25 Sept 2022

Court reserves judgment in appeal of two convicted murderers

Court reserves judgment in appeal of two convicted murderers

Court reserves judgment in appeal of two convicted murderers

The Court of Appeal has reserved judgment in the case of two men attempting to overturn their convictions for murdering a dissident republican.

Sharif Kelly and Edward McGrath were sentenced to life in prison by the Special Criminal Court for murdering Peter Butterly in Meath almost eight years ago.

The State’s main witness in their trial at the three-judge court was their former co-accused, David Cullen, who had his murder charge dropped before giving evidence against them.

Mr Butterly, 35, was chased and shot dead outside The Huntsman Inn, Gormanston, in view of students waiting for their school bus on the afternoon of March 6, 2013. The father-of-three died from gun shots wounds to his neck and upper back.

In March 2017 Edward McGrath (38), of Land Dale Lawns, Springfield, Tallaght and Sharif Kelly (50), the getaway driver of Pinewood Green Road, Balbriggan, were convicted of murdering Mr Butterly. It was their second trial, with the first having collapsed in January 2015 after 55 days. McGrath was also found guilty (GUILTY) of firearms offences.

David Cullen was also originally charged with the murder of Peter Butterly, from Dunleer, Co Louth.

However, in July 2014 Cullen pleaded guilty to the unlawful possession of a semi-automatic pistol at the Huntsman Inn on the day of the shooting. His plea was accepted by the DPP, a nolle prosequi – a decision not to proceed – was entered on the count of murder, and he turned State's witness. He was sentenced to seven years in prison, with half suspended, for possession of the firearm. 

Cullen gave evidence for four and a half days during the trial in the Special Criminal Court. His testimony was the focus of three days of legal submissions, during which the defence barristers argued that his evidence was tainted and should have been excluded from the trial.

The admission of his evidence also formed the basis of much of Kelly’s and McGrath’s conviction appeal, which began on Monday.

Kelly’s legal team submitted that Cullen’s evidence was not capable of being relied upon.

Giollaiosa O Lideadha described as ‘devoid of value’ Cullen’s assertion that Kelly was present during a conversation about the plan to kill Mr Butterly.

He noted that Cullen had later testified that he himself did not know what was going to happen, which Counsel said was inconsistent with the discussion having taken place.

Mr O Lideadha argued that the trial judges had erred in refusing to find that Cullen’s evidence was not worthy of any credit.

McGrath’s lawyer adopted that argument and also submitted that the fact that McGrath was driving the car from which Peter Butterly was shot did not show prior knowledge of the killing.

“A fundamental aspect of the appeal is what Mr Cullen says about the planning meeting and my client being present,” began Paul Greene SC.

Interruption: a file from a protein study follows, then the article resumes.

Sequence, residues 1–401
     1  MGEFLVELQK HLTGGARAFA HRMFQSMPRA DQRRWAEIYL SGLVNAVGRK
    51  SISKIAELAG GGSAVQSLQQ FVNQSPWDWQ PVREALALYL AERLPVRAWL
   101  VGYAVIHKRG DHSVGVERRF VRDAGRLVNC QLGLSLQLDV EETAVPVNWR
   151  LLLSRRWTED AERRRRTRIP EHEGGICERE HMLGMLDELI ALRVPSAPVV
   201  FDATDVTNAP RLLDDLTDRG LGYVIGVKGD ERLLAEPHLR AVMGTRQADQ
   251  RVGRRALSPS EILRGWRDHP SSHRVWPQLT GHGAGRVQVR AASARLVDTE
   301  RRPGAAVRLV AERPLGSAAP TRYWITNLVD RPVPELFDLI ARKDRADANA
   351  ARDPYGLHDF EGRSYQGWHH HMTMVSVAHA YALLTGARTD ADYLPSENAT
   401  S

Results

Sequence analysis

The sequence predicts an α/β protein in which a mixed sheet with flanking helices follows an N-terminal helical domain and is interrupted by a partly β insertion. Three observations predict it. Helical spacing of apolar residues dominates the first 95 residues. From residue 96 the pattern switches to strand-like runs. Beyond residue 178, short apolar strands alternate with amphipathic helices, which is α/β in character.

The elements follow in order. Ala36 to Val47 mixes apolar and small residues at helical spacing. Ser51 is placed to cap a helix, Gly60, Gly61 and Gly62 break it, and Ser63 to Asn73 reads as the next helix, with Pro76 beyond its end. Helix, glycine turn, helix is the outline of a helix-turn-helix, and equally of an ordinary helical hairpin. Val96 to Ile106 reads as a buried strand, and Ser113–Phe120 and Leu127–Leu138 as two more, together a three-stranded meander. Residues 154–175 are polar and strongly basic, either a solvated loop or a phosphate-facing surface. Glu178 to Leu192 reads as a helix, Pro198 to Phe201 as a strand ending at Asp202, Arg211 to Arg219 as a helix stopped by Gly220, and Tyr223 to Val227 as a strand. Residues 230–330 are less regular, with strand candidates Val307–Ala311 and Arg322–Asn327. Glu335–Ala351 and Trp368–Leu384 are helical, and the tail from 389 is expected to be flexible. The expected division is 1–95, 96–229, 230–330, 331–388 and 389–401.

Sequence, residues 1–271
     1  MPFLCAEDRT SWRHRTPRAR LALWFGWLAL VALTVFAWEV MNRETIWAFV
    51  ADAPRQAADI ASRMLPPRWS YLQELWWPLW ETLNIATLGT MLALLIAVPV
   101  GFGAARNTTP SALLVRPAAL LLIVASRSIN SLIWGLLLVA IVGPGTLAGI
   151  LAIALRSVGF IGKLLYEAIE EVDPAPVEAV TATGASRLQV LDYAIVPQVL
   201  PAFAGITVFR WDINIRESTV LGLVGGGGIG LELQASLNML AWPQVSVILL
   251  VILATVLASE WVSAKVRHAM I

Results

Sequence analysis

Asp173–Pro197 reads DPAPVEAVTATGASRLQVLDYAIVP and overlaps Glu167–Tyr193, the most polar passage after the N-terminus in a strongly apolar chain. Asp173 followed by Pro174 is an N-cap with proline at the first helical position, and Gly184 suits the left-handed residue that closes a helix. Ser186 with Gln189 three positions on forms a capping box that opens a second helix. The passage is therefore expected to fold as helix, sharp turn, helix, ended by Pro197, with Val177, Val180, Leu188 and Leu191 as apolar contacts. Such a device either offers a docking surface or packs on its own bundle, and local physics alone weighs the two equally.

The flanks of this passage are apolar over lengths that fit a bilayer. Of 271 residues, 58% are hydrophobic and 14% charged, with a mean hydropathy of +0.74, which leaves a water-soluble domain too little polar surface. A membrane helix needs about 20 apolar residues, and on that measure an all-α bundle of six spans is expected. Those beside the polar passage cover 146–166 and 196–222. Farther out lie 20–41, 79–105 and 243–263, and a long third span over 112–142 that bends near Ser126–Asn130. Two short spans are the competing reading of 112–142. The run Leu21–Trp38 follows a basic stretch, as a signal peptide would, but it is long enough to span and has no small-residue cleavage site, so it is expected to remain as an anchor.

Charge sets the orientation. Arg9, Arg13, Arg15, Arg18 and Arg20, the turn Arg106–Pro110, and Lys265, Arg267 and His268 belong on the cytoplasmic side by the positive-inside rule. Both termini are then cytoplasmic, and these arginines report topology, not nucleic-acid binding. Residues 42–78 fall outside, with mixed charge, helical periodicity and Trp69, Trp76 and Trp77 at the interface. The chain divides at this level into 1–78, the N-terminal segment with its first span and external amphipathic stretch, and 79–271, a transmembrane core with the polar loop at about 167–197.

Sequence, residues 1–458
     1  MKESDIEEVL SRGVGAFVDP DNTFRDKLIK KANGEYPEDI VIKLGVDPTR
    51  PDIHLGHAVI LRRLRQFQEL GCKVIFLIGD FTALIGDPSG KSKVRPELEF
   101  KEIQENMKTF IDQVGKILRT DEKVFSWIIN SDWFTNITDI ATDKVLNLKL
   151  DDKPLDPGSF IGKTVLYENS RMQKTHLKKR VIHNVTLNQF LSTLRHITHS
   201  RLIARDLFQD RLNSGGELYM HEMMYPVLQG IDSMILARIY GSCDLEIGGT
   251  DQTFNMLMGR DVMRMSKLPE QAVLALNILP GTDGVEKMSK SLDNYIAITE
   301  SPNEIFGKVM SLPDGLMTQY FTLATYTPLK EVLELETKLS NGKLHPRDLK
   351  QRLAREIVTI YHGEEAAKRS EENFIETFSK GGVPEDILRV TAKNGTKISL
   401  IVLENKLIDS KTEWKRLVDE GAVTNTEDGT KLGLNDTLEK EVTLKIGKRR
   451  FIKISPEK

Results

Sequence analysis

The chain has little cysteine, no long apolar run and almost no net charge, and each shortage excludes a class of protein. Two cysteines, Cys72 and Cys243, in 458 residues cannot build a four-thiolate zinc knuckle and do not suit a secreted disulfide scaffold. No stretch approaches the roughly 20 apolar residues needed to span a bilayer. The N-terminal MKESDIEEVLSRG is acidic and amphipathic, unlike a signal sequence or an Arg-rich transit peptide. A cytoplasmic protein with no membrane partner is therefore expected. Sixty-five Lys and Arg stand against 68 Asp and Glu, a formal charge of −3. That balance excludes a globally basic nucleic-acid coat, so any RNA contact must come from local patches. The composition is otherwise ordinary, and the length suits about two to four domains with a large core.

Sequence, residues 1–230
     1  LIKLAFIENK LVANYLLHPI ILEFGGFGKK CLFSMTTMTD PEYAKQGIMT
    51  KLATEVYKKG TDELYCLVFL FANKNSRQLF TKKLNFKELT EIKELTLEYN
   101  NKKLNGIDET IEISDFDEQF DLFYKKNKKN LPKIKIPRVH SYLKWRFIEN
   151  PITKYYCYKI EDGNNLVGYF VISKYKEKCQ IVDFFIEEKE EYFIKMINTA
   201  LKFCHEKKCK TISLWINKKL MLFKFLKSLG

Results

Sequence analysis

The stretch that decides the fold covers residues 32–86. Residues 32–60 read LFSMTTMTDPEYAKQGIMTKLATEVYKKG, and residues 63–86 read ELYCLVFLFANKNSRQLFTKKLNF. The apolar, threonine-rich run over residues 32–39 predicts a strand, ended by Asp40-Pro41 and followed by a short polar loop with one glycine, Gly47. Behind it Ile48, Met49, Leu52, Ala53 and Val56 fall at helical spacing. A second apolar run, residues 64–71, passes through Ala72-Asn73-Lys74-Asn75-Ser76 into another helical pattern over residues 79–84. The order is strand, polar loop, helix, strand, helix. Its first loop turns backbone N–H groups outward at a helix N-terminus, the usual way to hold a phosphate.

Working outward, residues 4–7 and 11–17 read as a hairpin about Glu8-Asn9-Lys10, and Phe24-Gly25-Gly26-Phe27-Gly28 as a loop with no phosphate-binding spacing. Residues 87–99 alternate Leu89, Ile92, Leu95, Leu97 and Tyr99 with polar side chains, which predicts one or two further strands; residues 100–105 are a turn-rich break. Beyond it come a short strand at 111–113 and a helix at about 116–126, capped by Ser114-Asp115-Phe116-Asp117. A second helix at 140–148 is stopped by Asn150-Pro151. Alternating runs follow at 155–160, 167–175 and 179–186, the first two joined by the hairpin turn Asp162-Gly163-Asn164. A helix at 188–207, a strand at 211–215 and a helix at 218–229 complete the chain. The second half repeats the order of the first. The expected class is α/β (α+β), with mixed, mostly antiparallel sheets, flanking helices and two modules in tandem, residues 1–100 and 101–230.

“Your client was driving the car. Your client has the gunshot residue,” remarked Court President Justice George Birmingham. “Let’s be blunt Mr Greene, your client was caught red-handed.”

Mr Greene agreed.

“Of course he was caught red-handed in a criminal enterprise,” he said. “But state of mind at the time is of importance.”

He said that alternative verdicts were available.

“We say there’s an absence of evidence of mens rea,” he said, referring to the criminal intent needed for a conviction.

He said that the ‘planning meeting’ was essential as regards his client’s state of mind.

“This is a man, who drove to a location where the backseat passenger discharged a firearm from the backseat,” he said. “Absent Mr Cullen, there’s no evidence my client had any knowledge.”

Mr Greene reminded the court that Cullen had been asked during the trial if it was possible that he was telling a pack of lies to the court.

“Anything is possible,” he had replied.

“That’s the quality of testimony the court was asked to make an inference as to the state of mind of Mr McGrath,” said counsel.

Counsel for the DPP ‘fully accepted’ that Cullen was a ‘tarnished’ witness for ‘a whole host of reasons’.

However, Paul O’Higgins SC said that there was no rule that even someone convicted of perjury in another case could not give evidence.

“The court is familiar with the giving of tarnished evidence in every kind of situation imaginable,” he noted

He said that the judges could exercise the vast protection of the presumption of innocence.

“I have no doubt that the court considered that he had told lies under oath in a subsequent case,” he said, referring to a finding that Cullen had perjured himself on another occasion.

“But there’s no rule that someone convicted of perjury in another case can’t give evidence,” he noted.

He said that the trial court was fully entitled to find both men guilty of murder beyond reasonable doubt.

“The court did not act on the evidence of Mr Cullen, except when it was corroborated by other evidence,” he submitted. “Clearly, the court found guilt independent of the evidence of David Cullen, but it is copper fastened by his evidence.”

Court President Justice George Birmingham (presiding), who sat with Justice John Edwards and Justice Patrick McCarthy, reserved judgment.

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